Diseases tend to spread like wildfire because poultry birds are generally kept in close proximity to one another.
Diseases are one of the biggest threats to poultry production, resulting in large-scale income losses on farms across the world. While medicine may be used to cure some of these diseases, there are many diseases for which no treatment exists.
To worsen matters, most of these diseases tend to spread like wildfire because poultry birds are generally kept in close proximity to each other and share drinking and feeding buckets. The best way to manage diseases in poultry production is therefore to prevent them from breaking out in the first place. There are four ways in which disease may be prevented, namely through sound biosecurity measures, vaccination, good hygiene and stress management.
Producers need to act fast at the first signs of disease to prevent it from spreading to other birds or in some cases to other animals and even humans. The National Department of Agriculture advises farmers to separate sick birds from healthy ones and to handle the sick birds last during production tasks.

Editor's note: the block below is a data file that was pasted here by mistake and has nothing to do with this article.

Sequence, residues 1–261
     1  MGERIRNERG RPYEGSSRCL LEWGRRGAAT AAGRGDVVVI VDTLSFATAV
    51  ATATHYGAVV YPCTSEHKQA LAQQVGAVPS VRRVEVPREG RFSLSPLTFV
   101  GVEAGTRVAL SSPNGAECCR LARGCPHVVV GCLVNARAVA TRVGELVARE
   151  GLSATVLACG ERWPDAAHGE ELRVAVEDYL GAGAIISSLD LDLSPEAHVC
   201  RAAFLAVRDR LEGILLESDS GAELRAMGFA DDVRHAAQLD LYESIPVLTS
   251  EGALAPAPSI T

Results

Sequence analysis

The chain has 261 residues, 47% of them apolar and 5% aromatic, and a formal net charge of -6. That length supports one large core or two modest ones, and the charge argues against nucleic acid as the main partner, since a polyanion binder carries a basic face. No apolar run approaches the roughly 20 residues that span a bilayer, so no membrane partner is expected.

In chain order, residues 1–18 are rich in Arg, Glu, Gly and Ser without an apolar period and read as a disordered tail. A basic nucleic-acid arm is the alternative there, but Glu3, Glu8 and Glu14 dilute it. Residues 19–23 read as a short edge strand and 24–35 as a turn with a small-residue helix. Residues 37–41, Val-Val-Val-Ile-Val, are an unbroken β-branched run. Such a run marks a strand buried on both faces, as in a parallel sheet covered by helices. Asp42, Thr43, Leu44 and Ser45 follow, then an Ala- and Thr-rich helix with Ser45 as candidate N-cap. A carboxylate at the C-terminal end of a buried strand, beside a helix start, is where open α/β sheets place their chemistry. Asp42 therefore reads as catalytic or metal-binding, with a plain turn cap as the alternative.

An animal health technician or veterinarian should be consulted as soon as possible to identify the correct course of action. The animal health technician or veterinarian will perform autopsies on some of the sick birds and might take blood or eggs samples, to determine the cause of an outbreak. To prevent future outbreaks, the farmer and animal health technician or veterinarian should go through the entire production system to identify possible problems that can be corrected to prevent future outbreaks.
Treatment will depend on the cause of the disease, ranging from medicine such as antibiotics to the culling of birds. While some producers might have used antibiotics to cover up poor management practices in the past, rising concern over the development of antibiotic resistance has led to more responsible use of these products. In some countries, producers are no longer able to buy antibiotics without a prescription from a veterinarian.
When using any medication, producers should store and apply the products according to the instructions. Using medication according to instructions, not only ensures that the treatment will work but also helps to prevent the development of resistance.
Farmers should also keep the withholding period of these medicines in mind – in other words the time before eggs or meat from treated birds may be sold after birds have received medication – to ensure their produce complies to South African minimum residue legislation.
By Glenneis Kriel